Copying from other sources is only permitted in specific circumstances, as explained below. Note that this is an expansion of Commandment 1.


Copying from other sources can only be done in the following circumstances:

  • You are copying from a public domain source. In this case, put a notice on the page to indicate this. An example notice is {{Copyright Details (US Government)}}. Note that Wikipedia and Wikipedia mirrors are not in the public domain.
  • You are copying something that you wrote, on Wikipedia or elsewhere. In this case, put a {{copied from}} notice on the talk page of the article. Note that it must be all your own work, and not include contributions made by other editors.
  • You are copying something that someone else wrote, with their explicit permission. This must also be noted on the article or talk page, and the original author should also note, for example on his user page on the original site, that he has provided such permission.

Not Permitted

The following is not permitted (unless it fits the criteria above).

  • Copying slabs of text from multiple other sources. Just because you copy from several sources does not make it your own work.
  • Copying from one or more other sources and changing some words. Someone else's work changed around a bit is still copying their work; it does not constitute your own work. If it is still recognisable as another work altered, it constitutes copying.

If You See A Copied Article

If you notice someone copying from another source, please bring it to the attention of an administrator. Either he or you (see below) should put a {{WP no copying}} notice on the user's talk page and delete the article. That notice explains what is allowed and not allowed, and advises that the deleted article can be undeleted if the copy is permitted as explained above. (A non-administrator can post the notice, although if the article name is included, it is worded as though an administrator posted it.)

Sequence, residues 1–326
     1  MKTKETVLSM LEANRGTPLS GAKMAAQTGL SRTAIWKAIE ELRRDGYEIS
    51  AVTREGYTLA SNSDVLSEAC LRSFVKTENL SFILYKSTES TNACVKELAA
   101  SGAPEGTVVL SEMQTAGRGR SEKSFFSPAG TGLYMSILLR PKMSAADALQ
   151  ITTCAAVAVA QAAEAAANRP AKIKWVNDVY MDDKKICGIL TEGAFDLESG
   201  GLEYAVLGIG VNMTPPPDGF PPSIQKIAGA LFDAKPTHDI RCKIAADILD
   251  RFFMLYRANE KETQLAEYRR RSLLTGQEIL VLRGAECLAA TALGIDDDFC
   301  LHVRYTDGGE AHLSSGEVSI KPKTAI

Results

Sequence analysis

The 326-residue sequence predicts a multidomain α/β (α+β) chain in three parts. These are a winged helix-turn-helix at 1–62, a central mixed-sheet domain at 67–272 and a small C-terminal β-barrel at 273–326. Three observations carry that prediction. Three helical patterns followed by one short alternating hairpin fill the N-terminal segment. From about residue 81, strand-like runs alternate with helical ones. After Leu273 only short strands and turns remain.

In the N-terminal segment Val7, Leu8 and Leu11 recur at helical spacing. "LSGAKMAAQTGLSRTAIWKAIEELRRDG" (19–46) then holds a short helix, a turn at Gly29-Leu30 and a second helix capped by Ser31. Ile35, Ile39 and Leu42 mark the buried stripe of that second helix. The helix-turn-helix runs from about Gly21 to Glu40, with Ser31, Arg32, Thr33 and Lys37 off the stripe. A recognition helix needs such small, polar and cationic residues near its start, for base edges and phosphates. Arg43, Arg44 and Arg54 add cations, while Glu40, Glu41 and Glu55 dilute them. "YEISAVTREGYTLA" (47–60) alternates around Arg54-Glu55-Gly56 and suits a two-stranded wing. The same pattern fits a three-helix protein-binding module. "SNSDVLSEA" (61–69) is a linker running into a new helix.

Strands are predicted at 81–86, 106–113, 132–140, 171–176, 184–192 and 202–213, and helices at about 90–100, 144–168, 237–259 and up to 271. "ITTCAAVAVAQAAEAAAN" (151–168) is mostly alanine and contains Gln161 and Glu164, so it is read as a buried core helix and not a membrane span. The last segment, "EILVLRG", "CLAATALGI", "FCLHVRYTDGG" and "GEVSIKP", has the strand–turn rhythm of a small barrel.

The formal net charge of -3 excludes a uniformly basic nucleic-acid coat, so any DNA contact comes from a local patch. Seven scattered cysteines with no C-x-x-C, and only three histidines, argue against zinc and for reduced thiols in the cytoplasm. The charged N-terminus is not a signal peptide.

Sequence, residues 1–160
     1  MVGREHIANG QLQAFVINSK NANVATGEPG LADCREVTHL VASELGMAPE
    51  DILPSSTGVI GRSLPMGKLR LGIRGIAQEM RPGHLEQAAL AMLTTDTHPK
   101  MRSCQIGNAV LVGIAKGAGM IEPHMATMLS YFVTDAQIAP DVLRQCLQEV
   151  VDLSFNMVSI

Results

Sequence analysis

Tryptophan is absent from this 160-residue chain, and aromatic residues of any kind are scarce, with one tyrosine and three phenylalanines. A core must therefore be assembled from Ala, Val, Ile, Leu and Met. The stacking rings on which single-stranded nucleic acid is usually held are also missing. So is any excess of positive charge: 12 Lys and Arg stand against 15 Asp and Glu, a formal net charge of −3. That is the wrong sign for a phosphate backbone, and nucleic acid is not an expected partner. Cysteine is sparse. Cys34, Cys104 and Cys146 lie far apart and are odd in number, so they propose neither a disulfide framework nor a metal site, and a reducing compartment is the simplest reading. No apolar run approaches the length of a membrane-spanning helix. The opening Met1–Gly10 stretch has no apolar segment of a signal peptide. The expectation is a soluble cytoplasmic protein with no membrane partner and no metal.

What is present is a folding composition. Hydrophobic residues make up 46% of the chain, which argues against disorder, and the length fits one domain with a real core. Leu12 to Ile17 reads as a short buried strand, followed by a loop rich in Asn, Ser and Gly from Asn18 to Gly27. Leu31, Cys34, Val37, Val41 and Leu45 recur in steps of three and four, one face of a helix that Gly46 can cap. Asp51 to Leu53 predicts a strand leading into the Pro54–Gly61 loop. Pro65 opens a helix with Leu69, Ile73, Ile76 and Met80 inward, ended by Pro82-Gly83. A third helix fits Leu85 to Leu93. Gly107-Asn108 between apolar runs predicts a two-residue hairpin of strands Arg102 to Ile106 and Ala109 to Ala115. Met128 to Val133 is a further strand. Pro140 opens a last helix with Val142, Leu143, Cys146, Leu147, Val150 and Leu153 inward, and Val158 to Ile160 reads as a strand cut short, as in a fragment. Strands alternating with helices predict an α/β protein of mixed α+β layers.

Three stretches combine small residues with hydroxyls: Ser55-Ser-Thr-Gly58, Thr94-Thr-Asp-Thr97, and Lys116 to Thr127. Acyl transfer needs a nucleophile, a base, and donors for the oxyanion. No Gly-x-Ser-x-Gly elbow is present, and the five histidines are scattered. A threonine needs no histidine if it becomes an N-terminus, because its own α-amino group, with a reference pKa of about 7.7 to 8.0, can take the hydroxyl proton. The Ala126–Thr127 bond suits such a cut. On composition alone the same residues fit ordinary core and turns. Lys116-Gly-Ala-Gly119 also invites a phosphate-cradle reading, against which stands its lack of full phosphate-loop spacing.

90/10 Rule

The 90/10 rule, unique to Conservapedia, authorizes the blocking of accounts that engage in excessive talk, bickering, last wordism, and other unproductive activity. Specifically, as has been stated in the Conservapedia:Commandments since soon after the formation of Conservapedia:

"Unproductive activity, such as 90% talk page edits and only 10% quality edits to Conservapedia articles, may result in blocking of the account."
  • The 90/10 Rule applies to people who talk, talk, talk without redeeming value in the way of substantive contributions. Nothing could be simpler. Talk is a time-waster. Different viewpoints, if logical, are welcome here. Incessant talk, as can be seen on countless other sites, is not. The talkers can rant elsewhere. We're here to learn.
  • Users can talk all they want, as long as they contribute substance at the same time. It's easy to contribute substance. It's the reason we're here. But no project can succeed if the participants do nothing but talk.
  • The 90/10 Rule is remarkably adept at discouraging and eliminating the mobocracy or talk pollution that runs rampant on other sites, such as Wikipedia. Implementation is simple and application is swift.

See Also


  1. Sources should be authoritative works, not merely published opinions by others. No sources advocating or supporting unlawful activity of any kind are allowed.